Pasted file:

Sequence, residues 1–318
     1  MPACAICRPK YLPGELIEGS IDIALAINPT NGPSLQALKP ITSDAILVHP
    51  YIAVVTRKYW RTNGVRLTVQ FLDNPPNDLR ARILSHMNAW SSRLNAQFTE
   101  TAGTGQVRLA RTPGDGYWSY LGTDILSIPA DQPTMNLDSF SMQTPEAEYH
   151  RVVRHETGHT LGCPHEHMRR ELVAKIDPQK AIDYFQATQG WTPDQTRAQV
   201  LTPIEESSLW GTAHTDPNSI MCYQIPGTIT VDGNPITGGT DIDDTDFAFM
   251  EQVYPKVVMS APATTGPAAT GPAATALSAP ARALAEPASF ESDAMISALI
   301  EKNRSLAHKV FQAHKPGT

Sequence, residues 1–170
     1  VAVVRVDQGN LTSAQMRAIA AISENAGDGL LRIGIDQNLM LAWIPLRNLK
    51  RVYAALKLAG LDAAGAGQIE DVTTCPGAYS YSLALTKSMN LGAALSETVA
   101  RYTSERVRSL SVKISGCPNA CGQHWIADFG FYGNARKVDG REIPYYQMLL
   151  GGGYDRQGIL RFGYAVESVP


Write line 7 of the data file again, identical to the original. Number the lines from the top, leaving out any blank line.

   251  EQVYPKVVMS APATTGPAAT GPAATALSAP ARALAEPASF ESDAMISALI